Embraer is present at the Dubai Airshow, but without sales announcements. If there has been a lack of orders so far, at least the Brazilian company has given the impression that new deals are very close to occurring.
The main conversations between its executives and journalists present at the event involved the C-390 Millennium, an airlifter developed as a more modern and efficient alternative to the C-130 Hercules.
Since 2022, the jet aircraft has had three victories in competitions in Europe. First, the Netherlands announced that it intends to order five C-390s and in September it was Austria’s turn to confirm its interest in four aircraft.
Last month, the Czech Republic, the program’s partner, selected the Embraer plane to equip its air force with two units.
In Dubai, however, no new orders, despite Embraer being in negotiations with Saudi Arabia and Egypt, countries in the region.
Speaking to Aviation Week, the CEO of the Defense and Security division, João Bosco Costa Jr., pointed to South Korea as the closest potential request. The winner of the LTA-II competition is expected to be announced in the first week of December.
The Republic of Korea Air Force (ROKAF) intends to order four to six cargo aircraft and the C-390’s rival is the C-130J, an updated variant of Lockheed Martin’s four-engine turboprop.
Despite having closed partnerships with South Korean companies to support the fleet in the event of victory, the competition is quite difficult.
The ROKAF already operates the C-130J and is a close partner of the United States. Furthermore, KAI, a state-owned manufacturer, is studying a transport plane similar to the Millennium, but with a greater load capacity. The future of the aircraft is uncertain, however.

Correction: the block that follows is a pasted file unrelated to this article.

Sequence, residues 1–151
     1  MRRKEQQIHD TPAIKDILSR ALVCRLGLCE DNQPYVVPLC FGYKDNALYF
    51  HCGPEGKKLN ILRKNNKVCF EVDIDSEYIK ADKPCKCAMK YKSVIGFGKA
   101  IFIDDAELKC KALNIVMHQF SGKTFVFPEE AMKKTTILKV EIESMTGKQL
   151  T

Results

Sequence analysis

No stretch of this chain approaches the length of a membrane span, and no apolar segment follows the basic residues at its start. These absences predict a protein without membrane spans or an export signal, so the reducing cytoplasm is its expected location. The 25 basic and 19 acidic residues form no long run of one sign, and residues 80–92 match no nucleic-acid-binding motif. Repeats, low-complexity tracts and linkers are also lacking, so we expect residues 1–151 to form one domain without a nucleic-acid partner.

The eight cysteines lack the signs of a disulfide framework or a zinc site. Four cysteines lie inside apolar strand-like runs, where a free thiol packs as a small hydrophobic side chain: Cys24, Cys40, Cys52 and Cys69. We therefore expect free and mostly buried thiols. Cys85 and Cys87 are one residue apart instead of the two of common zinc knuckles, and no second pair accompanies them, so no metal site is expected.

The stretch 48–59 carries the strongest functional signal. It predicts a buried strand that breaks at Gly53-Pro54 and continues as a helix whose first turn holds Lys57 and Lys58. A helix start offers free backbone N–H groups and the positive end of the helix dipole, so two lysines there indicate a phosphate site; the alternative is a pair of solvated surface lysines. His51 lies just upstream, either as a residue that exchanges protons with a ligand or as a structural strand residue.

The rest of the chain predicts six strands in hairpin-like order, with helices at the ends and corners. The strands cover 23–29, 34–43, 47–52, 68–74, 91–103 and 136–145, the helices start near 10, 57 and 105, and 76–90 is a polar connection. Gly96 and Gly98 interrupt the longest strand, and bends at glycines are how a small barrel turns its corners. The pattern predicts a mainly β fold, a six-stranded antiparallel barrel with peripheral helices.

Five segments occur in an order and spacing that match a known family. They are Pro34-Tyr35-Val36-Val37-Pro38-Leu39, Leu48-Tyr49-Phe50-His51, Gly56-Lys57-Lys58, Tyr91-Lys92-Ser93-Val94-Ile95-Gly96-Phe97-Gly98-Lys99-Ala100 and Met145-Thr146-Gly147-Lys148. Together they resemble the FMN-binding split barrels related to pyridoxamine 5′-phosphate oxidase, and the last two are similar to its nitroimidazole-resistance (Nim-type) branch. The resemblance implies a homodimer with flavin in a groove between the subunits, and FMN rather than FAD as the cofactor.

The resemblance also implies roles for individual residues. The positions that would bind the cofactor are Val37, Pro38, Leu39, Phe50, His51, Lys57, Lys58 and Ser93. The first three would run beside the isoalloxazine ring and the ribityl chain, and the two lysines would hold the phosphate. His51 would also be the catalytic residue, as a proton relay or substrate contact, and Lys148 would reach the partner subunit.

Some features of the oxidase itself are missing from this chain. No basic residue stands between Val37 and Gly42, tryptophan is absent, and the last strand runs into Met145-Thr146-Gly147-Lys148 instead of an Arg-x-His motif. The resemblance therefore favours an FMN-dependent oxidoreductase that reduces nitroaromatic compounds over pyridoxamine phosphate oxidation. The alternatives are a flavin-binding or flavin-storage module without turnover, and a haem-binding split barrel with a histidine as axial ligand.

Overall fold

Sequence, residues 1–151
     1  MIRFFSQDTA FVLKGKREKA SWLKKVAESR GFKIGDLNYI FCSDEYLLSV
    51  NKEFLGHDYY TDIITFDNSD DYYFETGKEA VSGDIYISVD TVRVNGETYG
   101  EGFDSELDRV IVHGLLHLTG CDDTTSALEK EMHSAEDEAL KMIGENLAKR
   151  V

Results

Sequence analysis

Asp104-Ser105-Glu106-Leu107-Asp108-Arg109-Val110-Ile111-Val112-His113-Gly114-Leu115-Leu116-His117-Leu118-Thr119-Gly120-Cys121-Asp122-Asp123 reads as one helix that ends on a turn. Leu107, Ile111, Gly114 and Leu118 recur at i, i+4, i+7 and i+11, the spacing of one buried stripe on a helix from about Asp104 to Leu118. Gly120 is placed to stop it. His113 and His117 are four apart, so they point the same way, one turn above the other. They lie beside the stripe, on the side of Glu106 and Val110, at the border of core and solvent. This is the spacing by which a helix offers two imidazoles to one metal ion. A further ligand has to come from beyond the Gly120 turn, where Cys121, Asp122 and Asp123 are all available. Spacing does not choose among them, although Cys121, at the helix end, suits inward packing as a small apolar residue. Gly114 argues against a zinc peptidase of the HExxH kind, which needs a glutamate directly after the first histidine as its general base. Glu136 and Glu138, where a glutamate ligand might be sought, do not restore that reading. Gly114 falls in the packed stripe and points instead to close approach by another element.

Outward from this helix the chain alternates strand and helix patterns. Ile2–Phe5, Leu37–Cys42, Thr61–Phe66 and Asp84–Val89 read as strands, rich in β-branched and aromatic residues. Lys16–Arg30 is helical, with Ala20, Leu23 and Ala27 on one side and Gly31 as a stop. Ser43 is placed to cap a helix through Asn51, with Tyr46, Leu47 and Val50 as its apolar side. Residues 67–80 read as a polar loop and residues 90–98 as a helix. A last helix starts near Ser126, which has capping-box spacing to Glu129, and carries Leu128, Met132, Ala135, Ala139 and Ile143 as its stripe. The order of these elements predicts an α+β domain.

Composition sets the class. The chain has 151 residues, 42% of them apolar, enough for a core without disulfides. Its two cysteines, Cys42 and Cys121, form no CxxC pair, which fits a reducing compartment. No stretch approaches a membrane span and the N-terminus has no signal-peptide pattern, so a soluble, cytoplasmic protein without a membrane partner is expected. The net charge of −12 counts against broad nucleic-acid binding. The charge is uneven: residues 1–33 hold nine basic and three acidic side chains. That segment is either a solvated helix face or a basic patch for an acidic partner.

India could give rise to largest aircraft order
Not far from the United Arab Emirates is perhaps the most sought-after deal. The Indian Air Force has released a request for information for the MTA program, which could mean an order for 40 to 80 aircraft.
India’s need is quite consistent with Embraer’s proposal and eventual production in the country would be an undeniable advantage for the local industry, given that the C-390 is a cutting-edge aircraft.
The competition, however, may still take time to conclude and may require very complex negotiations on technology transfer and division of labor.
Finally, Sweden currently appears to be the most likely customer for the Brazilian plane. The Nordic country’s Air Force needs to replace its old Hercules and even announced a plan to rely on the C-130J, but that was scrapped at the beginning of the year.
What is at stake, in this case, is a partnership between Embraer and Saab, who became closer during the management of the F-X2 program, supplying Gripen E/F fighters to the Brazilian Air Force (FAB).
The two companies have already sealed an agreement in which together they will propose the C-390 Millennium for the Swedish Air Force, a partnership that was reinforced during the Dubai Airshow.
It is, therefore, a win-win situation: Sweden buys the C-390 while Brazil expands its order for Gripen fighters.
The next few months will tell who Millennium’s seventh client will be.